As part of The Ohio State University’s emphasis on promoting student financial wellness, the Student Life Student Wellness Center uses iGrad’s Financial Wellness platform for on-demand, interactive financial education resources.
Research from The Study on Collegiate Financial Wellness by Ohio State’s Center for the Study of Student Life1, informs that 77 percent of Ohio State students report that they believe college is a good investment in their financial future, a significant number of students report feeling stressed about their current financial situation. Fifty-seven percent of surveyed students worry about having enough money to pay for school. Additionally, 62 percent expressed concern about simply paying their monthly bills. Of those students who borrowed money during college, 43 percent report that the total amount they owe cause a large or extreme amount of stress.
iGrad is an important part of Ohio State’s financial education program, Scarlet and Gray Financial. Located within the Office of Student Life, Student Wellness Center, The Ohio State University’s Scarlet and Gray Financial peer education program reaches more than 10,000 students annually in goal-oriented financial education services. Scarlet and Gray Financial is nationally recognized as a leading higher education financial wellness organization2, recently appearing in the United States Department of Treasury’s Best Practices for Financial Education at Institutions of Higher Education report.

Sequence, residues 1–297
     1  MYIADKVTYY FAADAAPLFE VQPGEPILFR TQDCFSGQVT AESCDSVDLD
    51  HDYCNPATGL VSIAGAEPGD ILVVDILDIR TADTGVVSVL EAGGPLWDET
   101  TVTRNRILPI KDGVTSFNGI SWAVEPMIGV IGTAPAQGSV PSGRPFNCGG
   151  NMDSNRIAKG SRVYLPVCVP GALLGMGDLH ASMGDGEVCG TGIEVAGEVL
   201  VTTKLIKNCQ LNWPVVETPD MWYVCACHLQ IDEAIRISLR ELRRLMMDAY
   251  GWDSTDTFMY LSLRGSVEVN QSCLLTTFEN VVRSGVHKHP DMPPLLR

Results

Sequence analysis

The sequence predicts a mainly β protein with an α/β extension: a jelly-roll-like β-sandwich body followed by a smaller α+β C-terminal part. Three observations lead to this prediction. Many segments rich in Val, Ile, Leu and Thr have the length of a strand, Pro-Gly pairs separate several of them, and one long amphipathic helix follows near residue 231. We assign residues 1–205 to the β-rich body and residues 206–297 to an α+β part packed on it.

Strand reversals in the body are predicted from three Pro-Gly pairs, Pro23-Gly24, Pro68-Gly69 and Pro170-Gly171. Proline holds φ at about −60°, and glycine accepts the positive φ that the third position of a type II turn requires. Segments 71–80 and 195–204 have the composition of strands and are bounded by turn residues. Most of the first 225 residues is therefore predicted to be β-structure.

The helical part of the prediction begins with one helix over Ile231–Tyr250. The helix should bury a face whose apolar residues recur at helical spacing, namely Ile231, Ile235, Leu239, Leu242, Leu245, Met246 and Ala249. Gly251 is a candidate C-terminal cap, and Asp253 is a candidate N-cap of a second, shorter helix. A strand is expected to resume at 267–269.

Ohio State’s Student Life Financial Education Program Coordinator Ben Raines said the program is an important part of the university’s financial wellness efforts.
“In addition to the program’s one-on-one coaching services and in person presentation, iGrad offers on demand resources with a wide variety of topics for students with an ever-growing need for financial education,” he said. “From the first student loan to understanding health insurance at their first job, we utilize the educational program to ensure students are making informed choices.”
The service plays a role in the university’s Second-year Transformational Experience Program (STEP). All 3,400 members of the STEP cohort are required to complete two iGrad courses prior to one-on-one coaching appointments with a peer financial coach. The program is also available as a supplement to academic courses, with some instructors offering particular courses or tools as a class assignment. This year, the STEP program, including the financial wellness component, expands to students, faculty and staff at all six Ohio State campuses.